Of course, it is dogmatically asserted as true often enough, but that is not the same as presenting something as true. Just think about how you argue for things that you think are true, more generally. What do you do? Well, you argue, right? You produce arguments, evidence, reasons, and so on, and you are prepared to deal with counter-arguments, evidence that seems to contradict your argument, etc.
So it is that within the Church there are many that believe that it is sufficient only to ‘preach the Gospel’ because… wait for it… “God’s word never returns void.” This mindset effectively thinks of the Scriptures like a magic wand and acts accordingly. We’ll call it ‘Harry Potter evangelism.’ Not only is this approach not supported by Scripture itself (if we decide to read the rest of it, instead of fixating on Isaiah 55:11) but actually undermines the presentation of the Gospel.
Christianity exploded onto the world’s stage, prompting people to go to their deaths on account of the good news that God had come, died, and rose from the dead in an epic rescue mission, because when the early Christians preached the Gospel, there were compelling reasons to believe that what they preached was actually true.
The soil had been well-prepared to receive good seed.
Our problem today is not the quality of the seed but the quality of the soil. Much of that was under our control, but it is rapidly leaving the scope of our influence. While it remains true that the majority of people who are atheists, agnostics, or ‘unaffiliated’ were once raised in the faith, in a generation, that will no longer be true, for the simple reason that there are fewer Christians to begin with, and all those ‘religious nones’ are going to be having children of their own, the great proportion of which will, obviously, not be raised in the church. The ‘soil’ is only going to get worse.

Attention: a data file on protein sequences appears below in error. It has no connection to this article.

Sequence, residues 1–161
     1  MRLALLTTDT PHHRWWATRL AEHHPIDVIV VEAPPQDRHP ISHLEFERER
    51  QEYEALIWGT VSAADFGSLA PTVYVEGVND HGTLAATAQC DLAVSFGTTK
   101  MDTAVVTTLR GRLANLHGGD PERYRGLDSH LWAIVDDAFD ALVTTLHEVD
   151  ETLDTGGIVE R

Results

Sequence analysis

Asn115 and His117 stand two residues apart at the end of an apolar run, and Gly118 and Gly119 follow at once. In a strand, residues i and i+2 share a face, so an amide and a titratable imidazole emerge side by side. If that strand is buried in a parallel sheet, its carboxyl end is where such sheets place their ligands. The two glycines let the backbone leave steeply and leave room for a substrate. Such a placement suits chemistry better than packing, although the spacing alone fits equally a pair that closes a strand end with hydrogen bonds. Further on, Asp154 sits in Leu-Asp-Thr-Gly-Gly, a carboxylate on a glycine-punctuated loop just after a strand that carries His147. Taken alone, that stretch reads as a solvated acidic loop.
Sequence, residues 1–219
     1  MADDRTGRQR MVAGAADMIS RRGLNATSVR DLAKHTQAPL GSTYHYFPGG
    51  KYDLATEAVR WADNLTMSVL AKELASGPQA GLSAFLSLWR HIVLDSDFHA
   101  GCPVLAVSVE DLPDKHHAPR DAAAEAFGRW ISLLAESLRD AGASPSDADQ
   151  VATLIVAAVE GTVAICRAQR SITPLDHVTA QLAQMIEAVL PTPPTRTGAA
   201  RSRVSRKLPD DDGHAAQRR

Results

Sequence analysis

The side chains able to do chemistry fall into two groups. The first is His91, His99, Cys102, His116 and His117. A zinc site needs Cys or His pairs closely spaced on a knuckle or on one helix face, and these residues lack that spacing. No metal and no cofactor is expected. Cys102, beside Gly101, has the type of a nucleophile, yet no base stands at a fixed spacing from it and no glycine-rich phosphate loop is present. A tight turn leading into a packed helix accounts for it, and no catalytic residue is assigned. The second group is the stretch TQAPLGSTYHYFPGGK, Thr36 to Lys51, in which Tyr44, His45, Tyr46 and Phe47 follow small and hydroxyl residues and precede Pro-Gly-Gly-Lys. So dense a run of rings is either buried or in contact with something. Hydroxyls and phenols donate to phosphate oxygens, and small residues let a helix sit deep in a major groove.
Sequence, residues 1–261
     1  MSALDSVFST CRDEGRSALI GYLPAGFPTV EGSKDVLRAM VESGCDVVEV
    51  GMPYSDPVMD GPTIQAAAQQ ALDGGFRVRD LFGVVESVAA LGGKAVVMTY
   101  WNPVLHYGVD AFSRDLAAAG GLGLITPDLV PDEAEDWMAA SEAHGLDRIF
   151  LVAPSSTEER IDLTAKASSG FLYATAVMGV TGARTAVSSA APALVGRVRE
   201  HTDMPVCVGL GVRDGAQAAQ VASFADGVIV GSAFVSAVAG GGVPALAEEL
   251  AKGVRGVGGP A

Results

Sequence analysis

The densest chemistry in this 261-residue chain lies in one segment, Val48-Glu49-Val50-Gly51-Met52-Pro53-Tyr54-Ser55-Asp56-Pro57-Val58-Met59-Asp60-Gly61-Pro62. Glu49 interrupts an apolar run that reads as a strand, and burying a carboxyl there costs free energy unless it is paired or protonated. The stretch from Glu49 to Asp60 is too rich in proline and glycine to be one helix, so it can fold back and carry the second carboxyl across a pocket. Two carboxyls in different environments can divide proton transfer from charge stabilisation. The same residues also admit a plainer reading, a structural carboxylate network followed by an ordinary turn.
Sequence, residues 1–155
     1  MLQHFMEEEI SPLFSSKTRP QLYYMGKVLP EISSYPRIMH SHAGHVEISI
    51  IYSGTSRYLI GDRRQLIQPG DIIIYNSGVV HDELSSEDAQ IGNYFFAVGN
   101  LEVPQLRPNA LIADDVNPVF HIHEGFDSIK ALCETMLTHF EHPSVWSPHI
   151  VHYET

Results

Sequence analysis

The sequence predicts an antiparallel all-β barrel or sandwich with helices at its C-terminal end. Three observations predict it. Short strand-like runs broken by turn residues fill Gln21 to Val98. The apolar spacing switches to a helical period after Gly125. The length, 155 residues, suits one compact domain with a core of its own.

So, what does Darwinism have to do with all this?
I think it is clear that Ham is not wrong to observe that of all the things kids are learning as fact in school that fly in the face of Christianity, Darwinism is chief on the list. But this idea that Christianity is for children is even more pernicious. The science teacher at the local public school does not say that religion is for children. The children themselves infer it, and act accordingly.
When the children begin to think like grownups (or so they think), they will have absorbed uncritically one of the chief assumptions of the secular worldview, which is itself embodied in Darwin’s theory.
That assumption is that adults never explain anything they encounter in the world any other way than through naturalistic (materialistic) explanations.
Someone with this mindset could come face to face with the most compelling evidence for the existence of God and/or supernatural agency, accept the reality of the thing being presented, and yet still wave off that thing as being explained without reference to God.
To illustrate, I once persuaded an atheist that Jesus existed, died, and rose from the dead. Instead of believing in God, he concluded that Jesus must have been a space alien.
I kid you not.
Now, one of the most compelling and enduring evidences for the supernatural is biological life on this planet. It is prima facie evidence for the existence of a ‘superior’ entity, which is precisely why Richard Dawkins argued that Charles Darwin made it finally possible to be an ‘intellectually fulfilled atheist’ and why Dawkins is forced to entertain some kind of ‘directed panspermia’ model for the rise of life on this planet.